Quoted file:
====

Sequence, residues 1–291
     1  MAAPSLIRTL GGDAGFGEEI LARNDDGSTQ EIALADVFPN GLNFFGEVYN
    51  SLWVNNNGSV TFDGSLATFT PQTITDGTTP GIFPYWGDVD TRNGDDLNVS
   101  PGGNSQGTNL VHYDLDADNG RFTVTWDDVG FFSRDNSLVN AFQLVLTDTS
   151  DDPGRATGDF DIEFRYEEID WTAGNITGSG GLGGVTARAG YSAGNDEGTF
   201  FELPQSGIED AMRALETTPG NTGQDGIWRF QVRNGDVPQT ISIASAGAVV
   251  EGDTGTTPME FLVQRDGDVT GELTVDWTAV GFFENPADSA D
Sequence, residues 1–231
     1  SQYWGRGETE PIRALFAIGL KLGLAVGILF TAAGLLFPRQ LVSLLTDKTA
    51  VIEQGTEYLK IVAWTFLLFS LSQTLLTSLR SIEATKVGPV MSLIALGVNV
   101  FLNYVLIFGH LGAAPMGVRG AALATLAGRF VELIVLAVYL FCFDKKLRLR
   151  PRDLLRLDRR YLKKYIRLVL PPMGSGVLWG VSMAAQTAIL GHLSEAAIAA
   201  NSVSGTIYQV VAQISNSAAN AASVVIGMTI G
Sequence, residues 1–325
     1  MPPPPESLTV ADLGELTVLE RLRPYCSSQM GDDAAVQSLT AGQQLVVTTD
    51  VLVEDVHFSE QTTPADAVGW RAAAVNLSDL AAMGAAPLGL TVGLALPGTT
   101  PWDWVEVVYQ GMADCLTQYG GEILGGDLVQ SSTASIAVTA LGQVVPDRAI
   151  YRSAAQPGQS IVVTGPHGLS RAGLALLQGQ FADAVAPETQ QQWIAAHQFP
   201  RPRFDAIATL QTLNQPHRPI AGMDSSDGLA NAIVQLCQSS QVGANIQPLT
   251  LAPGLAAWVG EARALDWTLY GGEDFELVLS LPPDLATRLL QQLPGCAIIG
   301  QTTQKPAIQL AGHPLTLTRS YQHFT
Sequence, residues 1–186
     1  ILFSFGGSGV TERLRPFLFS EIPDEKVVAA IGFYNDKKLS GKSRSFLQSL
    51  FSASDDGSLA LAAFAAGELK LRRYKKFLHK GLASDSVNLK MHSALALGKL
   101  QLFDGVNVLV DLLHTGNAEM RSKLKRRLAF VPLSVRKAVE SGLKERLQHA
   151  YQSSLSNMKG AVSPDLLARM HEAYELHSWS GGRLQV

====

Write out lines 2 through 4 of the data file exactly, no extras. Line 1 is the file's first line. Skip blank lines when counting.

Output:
     1  MAAPSLIRTL GGDAGFGEEI LARNDDGSTQ EIALADVFPN GLNFFGEVYN
    51  SLWVNNNGSV TFDGSLATFT PQTITDGTTP GIFPYWGDVD TRNGDDLNVS
   101  PGGNSQGTNL VHYDLDADNG RFTVTWDDVG FFSRDNSLVN AFQLVLTDTS